Machine identity attack surface exploding

Machine identity attack surface exploding

According to a study by Venafi, cyber-attacks related to machine identity grew by more than 400% between 2018 and 2019.

The machine identity attack surface is exploding. Machine identity management specialists Venafi have conducted a study of malware, vulnerabilities and attacks using machine identities over the last five years. The study uncovered a rapid increase in all types of machine identity-related security events in 2018 and 2019. For example, the number of reported machine identity-related cyber-attacks grew by over 400% during this two-year period.

“We have seen machine use skyrocket in organizations over the last five years, but many businesses still focus their security controls primarily on human identity management,” said Kevin Bocek, vice president of security strategy and threat intelligence at Venafi. “Digital transformation initiatives are in jeopardy because attackers are able to exploit wide gaps in machine identity management strategies."

The use of machines that connect to the internet is expanding rapidly. Security cameras, sensors, printers and many other devices are increasing the number of machines that have access to corporate IT networks. This trend is being multiplied by the COVID-19 pandemic which is driving faster adoption of cloud, hybrid and micro-services architectures.

Protecting machine identities for these projects is often an afterthought. According to Kevin Bocek: "The only way to mitigate these risks is to build comprehensive machine identity management programs that are as comprehensive as customer, partner and employee identity and access management strategies.”

Key findings from the study include:

  • Between 2015 and 2019, the number of reported cyber-attacks that used machine identities grew by more than 700%, with this amount increasing by 433% between the years 2018 and 2019 alone.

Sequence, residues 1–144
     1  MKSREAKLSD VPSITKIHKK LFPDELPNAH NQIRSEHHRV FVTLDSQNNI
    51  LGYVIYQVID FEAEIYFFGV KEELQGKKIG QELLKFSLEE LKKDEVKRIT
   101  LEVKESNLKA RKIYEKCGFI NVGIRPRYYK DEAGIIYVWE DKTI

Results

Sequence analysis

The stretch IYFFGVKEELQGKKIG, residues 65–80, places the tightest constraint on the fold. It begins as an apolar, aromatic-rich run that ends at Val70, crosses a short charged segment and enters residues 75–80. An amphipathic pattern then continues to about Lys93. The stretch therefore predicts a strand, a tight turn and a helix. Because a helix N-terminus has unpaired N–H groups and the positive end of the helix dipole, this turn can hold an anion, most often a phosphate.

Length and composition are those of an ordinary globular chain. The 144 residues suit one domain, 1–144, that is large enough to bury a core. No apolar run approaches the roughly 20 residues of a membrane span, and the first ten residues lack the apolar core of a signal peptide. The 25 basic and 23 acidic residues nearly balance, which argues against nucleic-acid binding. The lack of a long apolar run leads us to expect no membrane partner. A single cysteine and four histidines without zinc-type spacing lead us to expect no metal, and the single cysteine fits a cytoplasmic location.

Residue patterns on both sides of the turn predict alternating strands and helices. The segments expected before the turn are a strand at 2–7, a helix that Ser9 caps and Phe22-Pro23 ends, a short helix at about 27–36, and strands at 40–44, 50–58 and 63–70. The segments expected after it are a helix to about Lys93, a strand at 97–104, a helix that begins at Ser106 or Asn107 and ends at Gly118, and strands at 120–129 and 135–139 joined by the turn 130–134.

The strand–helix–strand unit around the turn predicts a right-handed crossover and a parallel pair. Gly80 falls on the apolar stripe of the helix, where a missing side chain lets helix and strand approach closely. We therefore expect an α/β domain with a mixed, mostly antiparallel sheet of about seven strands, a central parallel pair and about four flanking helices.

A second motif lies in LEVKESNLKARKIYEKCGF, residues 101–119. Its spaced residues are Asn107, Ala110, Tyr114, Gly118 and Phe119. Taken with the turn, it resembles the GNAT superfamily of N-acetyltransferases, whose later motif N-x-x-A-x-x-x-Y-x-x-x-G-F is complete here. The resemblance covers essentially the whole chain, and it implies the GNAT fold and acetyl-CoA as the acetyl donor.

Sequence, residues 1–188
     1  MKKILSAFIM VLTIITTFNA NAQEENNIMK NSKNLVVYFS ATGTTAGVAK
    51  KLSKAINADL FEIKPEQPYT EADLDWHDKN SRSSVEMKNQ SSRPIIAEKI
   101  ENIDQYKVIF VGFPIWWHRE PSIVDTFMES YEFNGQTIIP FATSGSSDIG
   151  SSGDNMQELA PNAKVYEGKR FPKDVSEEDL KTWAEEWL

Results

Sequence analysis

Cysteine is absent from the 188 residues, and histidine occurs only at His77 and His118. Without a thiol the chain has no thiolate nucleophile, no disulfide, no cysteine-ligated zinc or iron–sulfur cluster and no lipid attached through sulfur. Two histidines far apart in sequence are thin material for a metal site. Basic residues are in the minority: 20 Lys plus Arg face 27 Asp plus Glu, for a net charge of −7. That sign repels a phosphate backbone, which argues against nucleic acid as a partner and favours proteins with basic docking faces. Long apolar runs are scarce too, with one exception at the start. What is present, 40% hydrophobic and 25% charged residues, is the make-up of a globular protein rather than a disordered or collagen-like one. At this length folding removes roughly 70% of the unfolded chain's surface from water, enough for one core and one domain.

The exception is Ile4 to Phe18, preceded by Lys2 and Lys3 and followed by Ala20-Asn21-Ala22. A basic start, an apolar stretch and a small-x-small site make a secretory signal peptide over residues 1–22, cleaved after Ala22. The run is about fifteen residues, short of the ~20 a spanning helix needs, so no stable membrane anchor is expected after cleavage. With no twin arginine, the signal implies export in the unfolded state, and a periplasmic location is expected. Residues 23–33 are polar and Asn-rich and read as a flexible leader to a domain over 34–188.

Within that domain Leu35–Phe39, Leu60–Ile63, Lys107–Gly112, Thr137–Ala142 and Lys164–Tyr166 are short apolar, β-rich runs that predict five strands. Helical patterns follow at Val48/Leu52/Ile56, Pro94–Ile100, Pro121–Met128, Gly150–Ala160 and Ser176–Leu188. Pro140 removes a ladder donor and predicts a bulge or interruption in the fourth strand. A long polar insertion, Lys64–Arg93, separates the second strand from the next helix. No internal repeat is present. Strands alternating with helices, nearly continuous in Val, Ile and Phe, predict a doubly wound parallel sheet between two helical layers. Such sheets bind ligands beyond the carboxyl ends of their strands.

• From 2015 to 2019, the number of vulnerabilities involving machine identities grew by 260%, increasing by 125% between 2018 and 2019.
  • The use of commodity malware that abuses machine identities doubled between the years 2018 and 2019 and grew 300% over the five years leading up to 2019.
  • Between 2015 and 2019, the number of reported advanced persistent threats (APTs) that used machine identities grew by 400%. Reports of these attacks increased by 150% between 2018 and 2019.

“As our use of cloud, hybrid, open source and micro-services use increases, there are many more machine identities on enterprise networks—and this rising number correlates with the accelerated number of threats,” said Yana Blachman, threat intelligence researcher at Venafi. “As a result, every organization’s machine identity attack surface is getting much bigger."

Although many threats or security incidents frequently involve a machine identity component, this detail does not receive enough attention. The vulnerabilities of machines are rarely highlighted in public reports.

This lack of focus on machine identities in cyber security means that there is a lack of data and little focus on this crucial area of security. As a result, the trends we are seeing in Venafi's report are likely to continue.

Venafi is a market leader in machine identity management, securing machine-to-machine connections and communications, and providing global visibility of machine identities and the risks associated with them for the extended enterprise.

Main image courtesy of

Copyright Lyonsdown Limited 2021

Top Articles

300% increase in global cyber attacks

According to NTT's Global Threat Intelligence Report, there has been a 300% increase in cyber attacks globally Manufacturing, healthcare and finance industries all saw an increase in attacks globally (300%,…

US pipeline giant Colonial Pipeline suffers disruptive DarkSide ransomware attack

Colonial Pipeline suffered a DarkSide ransomware attack late last week that forced it to shut all pipeline operations.

NCSC's Active Cyber Defence programme helped sink 70k online scams in 2020

NCSC's Active Cyber Defence programme, which includes the Suspicious Email Reporting Service, helped in taking down over 70,000 online scams totalling 1.4 million URLs last year.

Related Articles